The discussions around the family dinner table in the Buiter-Sibert household are about to become even more fascinating for the adults and even more mind-numbingly tedious for the children. My wife, Anne Sibert, has just been appointed an external member of the provisional Monetary Policy Committee of the Central Bank of Iceland (CBI). The five-member provisional MPC has three executive or internal members: CBI Governor Svein Harald Øygard, Deputy Governor Arnór Sighvatsson and Þórarinn G. Pétursson, the CBI´s Chief Economist, and two external experts, Anne Sibert and Gylfi Zoëga. This Monetary Policy Committee will operate on a provisional basis, with formal appointments for the next five years likely to be made following national elections in Iceland in April.
Iceland’s largest three internationally active banks collapsed during the autumn of 2008; its currency collapsed and tight capital and foreign exchange controls are now in place. That this was the likely outcome of Iceland’s unsustainable credit boom and banking sector over-expansion had been predicted in a paper by Anne Sibert and myself, written in April 2008 (for fruit flies, a shorter version can be found here).
The country now faces an extremely difficult and painful restoration of internal and external balance, with high and rising unemployment, declining activity and falling living standards. Even the best-designed and competently-implemented monetary and exchange rate policies cannot alter that sombre reality. But competence and courage can help avoid unnecessary, avoidable economic distress and dislocation, thus minimizing the economic cost and human suffering that are bound to follow what may well have been (relative to size of the underlying economy and population) the biggest banking boom and bust in history.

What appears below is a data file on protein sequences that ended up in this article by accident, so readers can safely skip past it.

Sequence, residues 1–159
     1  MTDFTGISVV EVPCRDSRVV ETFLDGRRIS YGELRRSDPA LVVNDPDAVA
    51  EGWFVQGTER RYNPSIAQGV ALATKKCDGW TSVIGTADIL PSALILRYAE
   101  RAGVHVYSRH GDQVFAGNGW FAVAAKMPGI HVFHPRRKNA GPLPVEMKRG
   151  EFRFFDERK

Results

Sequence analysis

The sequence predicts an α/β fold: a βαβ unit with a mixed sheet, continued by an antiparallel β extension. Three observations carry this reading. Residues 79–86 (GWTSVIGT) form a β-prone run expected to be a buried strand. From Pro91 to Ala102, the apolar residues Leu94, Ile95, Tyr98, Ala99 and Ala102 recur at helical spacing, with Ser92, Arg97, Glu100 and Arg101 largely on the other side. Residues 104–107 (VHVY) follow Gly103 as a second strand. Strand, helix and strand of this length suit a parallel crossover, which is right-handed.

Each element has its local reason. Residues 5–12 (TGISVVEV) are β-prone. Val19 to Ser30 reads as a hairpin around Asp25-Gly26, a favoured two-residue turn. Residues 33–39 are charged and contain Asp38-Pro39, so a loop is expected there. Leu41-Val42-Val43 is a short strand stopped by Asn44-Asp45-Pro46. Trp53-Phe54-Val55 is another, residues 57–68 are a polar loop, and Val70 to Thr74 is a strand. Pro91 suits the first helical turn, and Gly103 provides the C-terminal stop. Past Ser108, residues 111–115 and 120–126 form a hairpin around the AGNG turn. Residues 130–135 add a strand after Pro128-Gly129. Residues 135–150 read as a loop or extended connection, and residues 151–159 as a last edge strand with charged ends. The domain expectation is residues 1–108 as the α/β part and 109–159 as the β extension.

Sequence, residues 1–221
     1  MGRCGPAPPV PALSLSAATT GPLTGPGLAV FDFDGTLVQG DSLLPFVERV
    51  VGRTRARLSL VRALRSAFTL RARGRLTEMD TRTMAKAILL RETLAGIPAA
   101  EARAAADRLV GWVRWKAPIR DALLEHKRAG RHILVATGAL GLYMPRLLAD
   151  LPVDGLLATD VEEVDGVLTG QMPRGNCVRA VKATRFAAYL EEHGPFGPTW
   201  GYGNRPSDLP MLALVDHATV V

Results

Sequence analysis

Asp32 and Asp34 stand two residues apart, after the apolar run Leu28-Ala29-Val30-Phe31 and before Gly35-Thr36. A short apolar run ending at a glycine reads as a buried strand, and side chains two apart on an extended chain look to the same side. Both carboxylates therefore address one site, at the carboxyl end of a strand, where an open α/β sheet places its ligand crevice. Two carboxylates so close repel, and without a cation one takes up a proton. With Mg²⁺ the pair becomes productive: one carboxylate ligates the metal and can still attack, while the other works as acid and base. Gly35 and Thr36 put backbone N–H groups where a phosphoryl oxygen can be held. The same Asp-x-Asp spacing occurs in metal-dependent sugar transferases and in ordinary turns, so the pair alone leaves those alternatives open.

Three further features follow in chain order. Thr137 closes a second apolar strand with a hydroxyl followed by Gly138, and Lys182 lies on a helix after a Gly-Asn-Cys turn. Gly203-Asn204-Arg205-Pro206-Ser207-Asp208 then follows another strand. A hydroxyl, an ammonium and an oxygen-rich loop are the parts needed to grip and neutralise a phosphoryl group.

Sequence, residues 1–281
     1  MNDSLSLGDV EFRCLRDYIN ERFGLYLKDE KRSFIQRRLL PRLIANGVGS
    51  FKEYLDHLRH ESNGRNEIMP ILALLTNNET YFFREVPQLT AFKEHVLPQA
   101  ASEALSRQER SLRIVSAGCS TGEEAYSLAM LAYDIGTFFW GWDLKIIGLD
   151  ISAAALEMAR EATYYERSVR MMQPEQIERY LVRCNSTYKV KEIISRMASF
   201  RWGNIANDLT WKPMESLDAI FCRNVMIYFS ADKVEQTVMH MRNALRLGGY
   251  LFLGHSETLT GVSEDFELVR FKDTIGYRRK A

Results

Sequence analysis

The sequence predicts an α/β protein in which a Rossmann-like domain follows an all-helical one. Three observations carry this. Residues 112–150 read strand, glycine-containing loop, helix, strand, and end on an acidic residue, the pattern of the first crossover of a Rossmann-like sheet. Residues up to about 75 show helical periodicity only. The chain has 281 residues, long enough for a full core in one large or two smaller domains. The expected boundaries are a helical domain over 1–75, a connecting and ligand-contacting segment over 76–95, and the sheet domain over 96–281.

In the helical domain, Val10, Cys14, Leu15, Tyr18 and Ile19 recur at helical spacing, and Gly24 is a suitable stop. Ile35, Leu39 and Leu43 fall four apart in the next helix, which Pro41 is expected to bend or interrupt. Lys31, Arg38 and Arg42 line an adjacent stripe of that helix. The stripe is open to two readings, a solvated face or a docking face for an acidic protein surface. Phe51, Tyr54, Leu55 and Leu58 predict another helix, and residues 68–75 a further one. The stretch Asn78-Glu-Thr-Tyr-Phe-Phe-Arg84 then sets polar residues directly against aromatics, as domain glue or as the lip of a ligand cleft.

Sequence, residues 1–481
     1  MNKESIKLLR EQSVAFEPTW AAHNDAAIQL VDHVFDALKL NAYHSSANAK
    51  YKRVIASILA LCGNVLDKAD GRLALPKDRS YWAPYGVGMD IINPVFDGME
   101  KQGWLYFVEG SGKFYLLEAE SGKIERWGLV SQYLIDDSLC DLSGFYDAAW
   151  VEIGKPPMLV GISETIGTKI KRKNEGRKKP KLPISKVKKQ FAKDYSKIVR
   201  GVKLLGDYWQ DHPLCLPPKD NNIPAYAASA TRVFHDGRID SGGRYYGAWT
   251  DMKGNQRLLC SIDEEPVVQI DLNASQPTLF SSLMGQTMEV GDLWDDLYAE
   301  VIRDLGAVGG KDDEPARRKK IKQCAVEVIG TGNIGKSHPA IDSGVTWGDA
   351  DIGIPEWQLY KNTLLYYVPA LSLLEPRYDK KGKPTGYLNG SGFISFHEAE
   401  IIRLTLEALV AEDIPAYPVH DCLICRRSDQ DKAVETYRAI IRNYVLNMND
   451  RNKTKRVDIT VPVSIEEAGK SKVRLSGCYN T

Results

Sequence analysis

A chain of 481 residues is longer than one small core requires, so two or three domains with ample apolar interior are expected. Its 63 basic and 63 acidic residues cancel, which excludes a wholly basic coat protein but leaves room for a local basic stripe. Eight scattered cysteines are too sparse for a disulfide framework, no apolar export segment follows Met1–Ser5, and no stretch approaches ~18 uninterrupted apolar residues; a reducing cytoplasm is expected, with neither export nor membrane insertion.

There are a couple of Trivial Pursuit aspects to these appointments. First, Birkbeck, University of London, will be as well-represented on Iceland’s MPC as the London School of Economics is on the UK’s MPC. Anne Sibert is Professor of Economics at Birkbeck and Gylfi Zoëga holds a part-time appointment as Professor of Economics at Birkbeck.
Second, Anne and I are likely to be the only couple to have served on the monetary policy committees of countries whose citizenship they did not hold. When I served on the Bank of England’s MCP, I had Dutch and American citizenship, but not (yet) British. Anne holds American and British citizenship, but not (yet) Icelandic. Once Anne’s term is over, we can go around the world doing a Box and Cox on banking implosions, regulatory capture, financial crises, exchange rate collapses and related disasters. At the very least, the policy-making experience should stand us in good stead for the course Banking in an Age of Turbulence Anne and I will be teaching at the LSE’s Executive Summer School early this summer.
And who knows, the adults may be forgiven their dinner-table chit-chats about the monetary transmission mechanism, credit default swaps and collateral requirements once the children get to see and experience the bleak beauty and at times magical atmosphere of the extraordinary country that is Iceland.